Overview

Epilepsy

Epilepsy is a disorder characterized by recurrent seizures. Seizures are caused by abnormal activity of nerve cells, called neurons, in the brain. In the United States, about 2 million people have epilepsy and as many as 150,000 more develop the condition each year. About a third of them are children.

Epilepsy has many possible causes, such as an imbalance of nerve-signaling chemicals, called neurotransmitters, or abnormal nerve connections that form after an injury such as head trauma or stroke. Other types of epilepsy run in families and have been tied to specific genes. Often, it may be difficult to understand why a specific person develops epilepsy, but this does not mean that effective treatment is impossible.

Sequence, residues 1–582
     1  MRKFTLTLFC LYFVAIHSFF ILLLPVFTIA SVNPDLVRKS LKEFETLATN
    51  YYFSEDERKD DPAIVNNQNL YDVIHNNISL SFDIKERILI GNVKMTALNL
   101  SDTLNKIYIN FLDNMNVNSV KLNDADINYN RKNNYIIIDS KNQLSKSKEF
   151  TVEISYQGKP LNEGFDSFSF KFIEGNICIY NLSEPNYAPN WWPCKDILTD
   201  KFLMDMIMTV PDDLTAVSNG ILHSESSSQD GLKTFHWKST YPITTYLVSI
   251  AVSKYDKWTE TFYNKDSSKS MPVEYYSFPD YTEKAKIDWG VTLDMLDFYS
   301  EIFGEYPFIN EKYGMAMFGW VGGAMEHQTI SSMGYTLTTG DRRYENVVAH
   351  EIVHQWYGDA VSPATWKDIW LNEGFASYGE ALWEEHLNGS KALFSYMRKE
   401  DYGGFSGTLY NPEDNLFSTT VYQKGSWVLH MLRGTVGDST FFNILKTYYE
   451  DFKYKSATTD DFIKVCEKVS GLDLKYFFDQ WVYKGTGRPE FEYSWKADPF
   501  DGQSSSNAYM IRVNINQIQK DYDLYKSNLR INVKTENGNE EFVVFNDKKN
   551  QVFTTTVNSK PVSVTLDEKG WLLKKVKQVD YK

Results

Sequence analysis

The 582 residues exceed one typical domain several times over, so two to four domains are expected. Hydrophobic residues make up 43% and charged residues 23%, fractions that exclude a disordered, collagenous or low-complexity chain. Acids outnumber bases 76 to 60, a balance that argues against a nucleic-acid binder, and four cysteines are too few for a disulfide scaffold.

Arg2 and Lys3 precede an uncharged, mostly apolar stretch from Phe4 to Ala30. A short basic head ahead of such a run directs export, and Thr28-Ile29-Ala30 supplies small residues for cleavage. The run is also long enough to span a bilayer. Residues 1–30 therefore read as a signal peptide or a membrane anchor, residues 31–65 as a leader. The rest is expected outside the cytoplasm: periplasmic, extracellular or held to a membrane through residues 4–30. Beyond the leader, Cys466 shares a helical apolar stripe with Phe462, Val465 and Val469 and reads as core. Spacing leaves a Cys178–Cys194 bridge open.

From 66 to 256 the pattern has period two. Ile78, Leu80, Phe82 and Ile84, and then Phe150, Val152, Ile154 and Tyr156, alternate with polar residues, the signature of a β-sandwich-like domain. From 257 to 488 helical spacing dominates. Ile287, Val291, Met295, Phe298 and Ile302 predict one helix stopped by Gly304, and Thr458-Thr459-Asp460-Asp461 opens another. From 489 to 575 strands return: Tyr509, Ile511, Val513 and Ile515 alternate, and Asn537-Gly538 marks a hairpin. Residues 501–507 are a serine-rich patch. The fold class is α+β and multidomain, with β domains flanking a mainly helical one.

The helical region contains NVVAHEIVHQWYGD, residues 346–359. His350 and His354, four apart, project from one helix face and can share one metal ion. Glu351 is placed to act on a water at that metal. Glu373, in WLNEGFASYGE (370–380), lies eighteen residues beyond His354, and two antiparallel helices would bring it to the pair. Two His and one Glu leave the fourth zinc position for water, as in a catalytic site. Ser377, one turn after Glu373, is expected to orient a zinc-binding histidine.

Our Approach to Epilepsy

At UCSF, we treat all forms of epilepsy and offer state-of-the-art options for diagnosis and therapy. Treatments include medications, surgery and implant devices as well as access to clinical trials of potential new therapies. Our expertise, innovation and leadership in epilepsy care have earned us a level 4 rating (the highest possible rating) from the National Association of Epilepsy Centers.

Awards & recognition

  • usnews-neurology

    Best in the West for neurology and neurosurgery

  • n3-2x

    Ranked No. 3 in the nation for neurology and neurosurgery

  • Level4-2x

    Accredited level 4 epilepsy center (National Association of Epilepsy Centers)

  • n1-2x

    in the West for number of epilepsy surgeries performed

UCSF Health medical specialists have reviewed this information. It is for educational purposes only and is not intended to replace the advice of your doctor or other health care provider. We encourage you to discuss any questions or concerns you may have with your provider.

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